The use of spelt in agriculture has a long record, with archaeological evidence showing it may be as much as 9000 years old and used in farming by early civilisations in both Europe and the Middle East. The Old Testament and several Roman texts even mention it. In Stone Age excavations in Europe, carbonated grains of spelt have been uncovered. Till the end of the 19th century, it was quite popular, particularly in Eastern Europe. About 94 per cent of cereal acreage grew spelt, while only 5 per cent grew bread wheat, as shown by German records in 1850.
Rapid advances in cutting-edge farming happened around the same time as the growing unpopularity of spelt. It became less appealing for farmers to grow spelt after the introduction of combined harvesters that could reap common bread wheat in one process. Needing removal in another step before the grain can be milled into flour, singular grains of spelt have a sturdy outer husk, unlike common wheat.
Spelt was revived in Europe and experienced a rebirth globally after nearly being disregarded in the 1980′s. Still, the making of flour requires the introduction of special machinery into the production chain to de-hull separate spelt grains in industrial amounts. On the other hand, it was grasped by this time that the benefits of revitalising this early grain for farmers and consumers was overshadowed by the time and cost, as found by the leaders of this resurgence.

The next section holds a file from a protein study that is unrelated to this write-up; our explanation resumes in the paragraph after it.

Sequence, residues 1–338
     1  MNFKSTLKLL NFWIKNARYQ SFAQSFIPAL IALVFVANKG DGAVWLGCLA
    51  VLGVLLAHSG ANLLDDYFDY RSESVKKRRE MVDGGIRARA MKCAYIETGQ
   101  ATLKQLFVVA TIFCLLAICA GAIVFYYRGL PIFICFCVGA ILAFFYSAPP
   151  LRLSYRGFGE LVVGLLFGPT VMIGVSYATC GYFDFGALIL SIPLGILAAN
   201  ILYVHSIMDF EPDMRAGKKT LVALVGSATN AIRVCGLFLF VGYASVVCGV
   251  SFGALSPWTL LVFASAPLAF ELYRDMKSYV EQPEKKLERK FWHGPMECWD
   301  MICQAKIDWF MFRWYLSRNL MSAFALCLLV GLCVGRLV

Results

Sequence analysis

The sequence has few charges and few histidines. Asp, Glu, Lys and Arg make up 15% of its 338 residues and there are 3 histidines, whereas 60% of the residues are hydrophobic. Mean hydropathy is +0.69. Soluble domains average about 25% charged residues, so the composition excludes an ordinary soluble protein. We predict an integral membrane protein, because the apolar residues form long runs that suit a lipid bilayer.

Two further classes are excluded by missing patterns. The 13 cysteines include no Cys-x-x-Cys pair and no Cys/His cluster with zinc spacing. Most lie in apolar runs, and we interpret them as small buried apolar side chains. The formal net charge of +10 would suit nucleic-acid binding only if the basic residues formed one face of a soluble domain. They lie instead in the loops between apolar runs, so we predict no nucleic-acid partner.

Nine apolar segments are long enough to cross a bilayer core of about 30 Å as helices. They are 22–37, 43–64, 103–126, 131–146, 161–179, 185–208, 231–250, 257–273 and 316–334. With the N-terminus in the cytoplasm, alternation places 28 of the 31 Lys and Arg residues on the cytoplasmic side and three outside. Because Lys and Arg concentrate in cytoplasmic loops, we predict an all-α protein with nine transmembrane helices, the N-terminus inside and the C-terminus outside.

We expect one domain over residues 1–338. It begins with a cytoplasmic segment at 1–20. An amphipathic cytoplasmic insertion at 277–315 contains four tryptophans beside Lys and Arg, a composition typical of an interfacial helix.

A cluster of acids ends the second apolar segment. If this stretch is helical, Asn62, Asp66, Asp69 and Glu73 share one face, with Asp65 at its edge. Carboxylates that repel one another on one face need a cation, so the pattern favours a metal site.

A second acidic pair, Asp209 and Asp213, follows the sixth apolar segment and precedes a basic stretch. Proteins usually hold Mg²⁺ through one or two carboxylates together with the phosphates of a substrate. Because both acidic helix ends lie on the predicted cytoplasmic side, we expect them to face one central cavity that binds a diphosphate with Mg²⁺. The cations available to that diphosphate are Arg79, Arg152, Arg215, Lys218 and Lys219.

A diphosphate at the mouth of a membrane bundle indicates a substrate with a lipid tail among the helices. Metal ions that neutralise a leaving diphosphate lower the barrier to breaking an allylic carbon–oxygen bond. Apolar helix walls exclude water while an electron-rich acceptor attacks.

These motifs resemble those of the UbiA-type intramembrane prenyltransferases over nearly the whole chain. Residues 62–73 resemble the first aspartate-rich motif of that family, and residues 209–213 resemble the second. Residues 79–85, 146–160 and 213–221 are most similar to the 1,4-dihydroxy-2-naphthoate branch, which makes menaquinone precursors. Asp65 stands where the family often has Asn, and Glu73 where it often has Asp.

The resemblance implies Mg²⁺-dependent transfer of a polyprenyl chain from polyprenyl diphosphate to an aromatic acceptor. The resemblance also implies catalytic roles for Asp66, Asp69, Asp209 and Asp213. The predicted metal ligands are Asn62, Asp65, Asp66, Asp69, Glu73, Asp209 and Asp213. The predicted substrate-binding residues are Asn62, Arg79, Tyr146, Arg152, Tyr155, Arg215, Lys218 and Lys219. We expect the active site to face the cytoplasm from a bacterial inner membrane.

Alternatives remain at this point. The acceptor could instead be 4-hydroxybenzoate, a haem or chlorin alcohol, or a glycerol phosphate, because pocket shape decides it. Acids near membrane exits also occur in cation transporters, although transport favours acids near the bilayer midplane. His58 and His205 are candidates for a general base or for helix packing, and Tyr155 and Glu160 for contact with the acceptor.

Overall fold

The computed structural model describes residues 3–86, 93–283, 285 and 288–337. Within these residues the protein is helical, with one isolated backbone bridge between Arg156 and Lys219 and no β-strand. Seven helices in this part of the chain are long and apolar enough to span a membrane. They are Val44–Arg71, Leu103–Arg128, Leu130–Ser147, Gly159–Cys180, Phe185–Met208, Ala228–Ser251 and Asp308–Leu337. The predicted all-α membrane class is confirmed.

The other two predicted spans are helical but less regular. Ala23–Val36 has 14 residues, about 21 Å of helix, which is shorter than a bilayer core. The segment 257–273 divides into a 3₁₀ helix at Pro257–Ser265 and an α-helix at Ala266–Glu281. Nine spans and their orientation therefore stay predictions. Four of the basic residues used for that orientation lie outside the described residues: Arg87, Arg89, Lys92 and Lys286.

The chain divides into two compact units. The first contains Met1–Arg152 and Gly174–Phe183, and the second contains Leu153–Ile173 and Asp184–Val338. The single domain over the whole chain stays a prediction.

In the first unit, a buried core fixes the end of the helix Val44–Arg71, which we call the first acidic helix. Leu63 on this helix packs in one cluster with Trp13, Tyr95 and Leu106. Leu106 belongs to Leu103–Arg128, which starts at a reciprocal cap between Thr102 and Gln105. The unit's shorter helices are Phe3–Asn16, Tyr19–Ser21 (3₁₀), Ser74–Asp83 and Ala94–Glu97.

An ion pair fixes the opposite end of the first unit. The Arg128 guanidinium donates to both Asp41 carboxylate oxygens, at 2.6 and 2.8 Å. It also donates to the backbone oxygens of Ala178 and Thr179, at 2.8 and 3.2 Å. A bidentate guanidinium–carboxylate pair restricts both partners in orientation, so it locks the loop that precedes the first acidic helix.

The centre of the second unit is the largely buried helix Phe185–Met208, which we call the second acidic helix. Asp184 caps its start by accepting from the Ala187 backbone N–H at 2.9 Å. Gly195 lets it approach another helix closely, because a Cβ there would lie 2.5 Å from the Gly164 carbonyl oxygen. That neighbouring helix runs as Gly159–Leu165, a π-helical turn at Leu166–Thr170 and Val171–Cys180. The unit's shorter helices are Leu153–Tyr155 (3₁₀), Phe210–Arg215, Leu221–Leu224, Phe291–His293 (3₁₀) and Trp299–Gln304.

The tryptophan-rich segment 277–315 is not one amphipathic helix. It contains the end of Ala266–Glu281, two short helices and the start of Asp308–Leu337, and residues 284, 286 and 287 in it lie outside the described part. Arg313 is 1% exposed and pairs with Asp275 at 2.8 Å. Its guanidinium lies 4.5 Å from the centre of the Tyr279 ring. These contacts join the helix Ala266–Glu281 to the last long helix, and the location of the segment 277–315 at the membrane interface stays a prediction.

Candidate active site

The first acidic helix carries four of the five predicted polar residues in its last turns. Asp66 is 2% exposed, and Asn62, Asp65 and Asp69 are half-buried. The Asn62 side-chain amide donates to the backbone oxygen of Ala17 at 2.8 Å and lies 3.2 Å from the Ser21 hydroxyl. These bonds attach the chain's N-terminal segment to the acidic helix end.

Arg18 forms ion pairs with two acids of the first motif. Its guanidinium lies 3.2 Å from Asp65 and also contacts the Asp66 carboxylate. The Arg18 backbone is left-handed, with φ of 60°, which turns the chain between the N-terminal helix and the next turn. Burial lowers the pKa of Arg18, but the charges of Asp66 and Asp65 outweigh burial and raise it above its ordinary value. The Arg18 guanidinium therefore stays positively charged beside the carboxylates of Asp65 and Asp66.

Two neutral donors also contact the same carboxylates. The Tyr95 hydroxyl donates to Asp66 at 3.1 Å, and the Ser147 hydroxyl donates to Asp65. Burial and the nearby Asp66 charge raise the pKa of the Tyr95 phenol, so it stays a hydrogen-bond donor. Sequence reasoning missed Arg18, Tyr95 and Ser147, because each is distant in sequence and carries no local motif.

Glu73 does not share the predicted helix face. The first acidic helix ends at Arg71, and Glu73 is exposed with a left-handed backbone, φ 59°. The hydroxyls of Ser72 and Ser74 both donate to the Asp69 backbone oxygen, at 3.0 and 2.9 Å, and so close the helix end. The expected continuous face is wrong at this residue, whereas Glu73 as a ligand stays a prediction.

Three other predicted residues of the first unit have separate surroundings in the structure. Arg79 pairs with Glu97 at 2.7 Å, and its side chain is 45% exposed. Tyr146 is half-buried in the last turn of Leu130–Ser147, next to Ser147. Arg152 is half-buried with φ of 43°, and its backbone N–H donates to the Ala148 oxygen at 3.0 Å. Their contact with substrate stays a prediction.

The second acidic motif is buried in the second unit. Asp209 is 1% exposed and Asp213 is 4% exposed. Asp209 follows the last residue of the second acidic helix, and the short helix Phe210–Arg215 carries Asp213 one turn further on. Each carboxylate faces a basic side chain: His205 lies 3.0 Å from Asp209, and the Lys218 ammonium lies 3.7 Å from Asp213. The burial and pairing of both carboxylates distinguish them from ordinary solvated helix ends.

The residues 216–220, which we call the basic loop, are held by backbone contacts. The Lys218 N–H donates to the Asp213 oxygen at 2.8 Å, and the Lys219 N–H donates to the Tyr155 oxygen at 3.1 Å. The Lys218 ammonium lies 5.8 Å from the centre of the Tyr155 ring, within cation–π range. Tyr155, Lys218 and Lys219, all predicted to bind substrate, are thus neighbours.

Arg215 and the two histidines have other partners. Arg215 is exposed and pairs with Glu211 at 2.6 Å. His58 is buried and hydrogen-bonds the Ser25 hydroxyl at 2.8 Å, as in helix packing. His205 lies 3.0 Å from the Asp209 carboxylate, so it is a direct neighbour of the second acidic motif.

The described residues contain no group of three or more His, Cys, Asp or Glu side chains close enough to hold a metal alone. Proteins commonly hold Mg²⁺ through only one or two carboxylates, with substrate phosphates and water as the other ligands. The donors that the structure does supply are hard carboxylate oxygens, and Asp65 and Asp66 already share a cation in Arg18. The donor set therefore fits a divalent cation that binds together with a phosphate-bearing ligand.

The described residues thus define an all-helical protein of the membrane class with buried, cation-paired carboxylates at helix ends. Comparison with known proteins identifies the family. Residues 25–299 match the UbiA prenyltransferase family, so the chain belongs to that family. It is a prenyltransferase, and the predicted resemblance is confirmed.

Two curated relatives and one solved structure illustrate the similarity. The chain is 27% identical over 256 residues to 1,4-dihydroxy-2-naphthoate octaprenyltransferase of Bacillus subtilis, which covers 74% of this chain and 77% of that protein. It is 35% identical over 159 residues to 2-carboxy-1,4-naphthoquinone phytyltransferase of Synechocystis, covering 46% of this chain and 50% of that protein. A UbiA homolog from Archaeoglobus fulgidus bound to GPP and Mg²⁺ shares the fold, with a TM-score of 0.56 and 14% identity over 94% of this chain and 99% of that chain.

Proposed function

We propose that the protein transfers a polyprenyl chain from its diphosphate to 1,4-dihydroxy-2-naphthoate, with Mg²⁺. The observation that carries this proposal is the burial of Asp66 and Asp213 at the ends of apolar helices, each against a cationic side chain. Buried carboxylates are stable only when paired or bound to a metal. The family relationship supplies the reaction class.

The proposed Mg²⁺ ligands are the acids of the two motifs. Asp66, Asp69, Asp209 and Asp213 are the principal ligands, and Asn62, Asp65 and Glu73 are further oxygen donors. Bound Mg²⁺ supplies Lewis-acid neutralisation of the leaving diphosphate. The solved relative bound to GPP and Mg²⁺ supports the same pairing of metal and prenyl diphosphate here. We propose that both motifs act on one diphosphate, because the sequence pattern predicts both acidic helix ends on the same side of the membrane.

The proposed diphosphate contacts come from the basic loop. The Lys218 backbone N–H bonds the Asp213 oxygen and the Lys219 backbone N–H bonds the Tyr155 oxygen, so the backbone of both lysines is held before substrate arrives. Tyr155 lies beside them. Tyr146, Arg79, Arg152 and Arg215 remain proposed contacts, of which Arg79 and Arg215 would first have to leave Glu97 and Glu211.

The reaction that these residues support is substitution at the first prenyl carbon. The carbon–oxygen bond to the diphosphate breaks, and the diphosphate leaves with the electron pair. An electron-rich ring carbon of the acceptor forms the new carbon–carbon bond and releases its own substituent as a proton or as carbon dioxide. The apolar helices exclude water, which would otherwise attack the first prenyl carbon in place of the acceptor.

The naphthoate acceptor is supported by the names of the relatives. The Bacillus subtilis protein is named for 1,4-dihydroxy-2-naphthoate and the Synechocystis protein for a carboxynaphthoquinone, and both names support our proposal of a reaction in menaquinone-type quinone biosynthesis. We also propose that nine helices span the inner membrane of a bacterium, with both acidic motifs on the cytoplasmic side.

Various grains offer diverse nutritional profiles since they adjusted for growth under a variety of circumstances and in atypical soils. A nutty taste and creamy texture are common in spelt in addition to being a good source of protein, nutritive fibre, vitamin B, and several dietary minerals. Manganese, phosphorus, and niacin are the most abundant nutrients. Spelt is also significantly lower in gluten and has a functional distinction to wheat gluten; spelt gluten has a more soluble protein matrix distinguished by a higher gluten percentage. As such, spelt gluten is easier to consume and accepted by people who might be sensitive to wheat or gluten levels. However, those with coeliac disease may find it unsuitable due to the presence of gluten.
You will note that the crumb is thicker than if you bake with wheat when making bread with spelt flour, so it’s harder to make an open-pored crumb. Less gluten content is the likely cause. The molecule in flour that enables the dough to rise while holding in the gas made by the fermentation of the microorganisms in the dough is gluten. Still, spelt is a good alternative for wheat flour when baking at home. Spelt can be used as a replacement for making pancakes, muffins, scones, waffles, and biscuits as well as baking, particularly if the leavening agent is baking powder.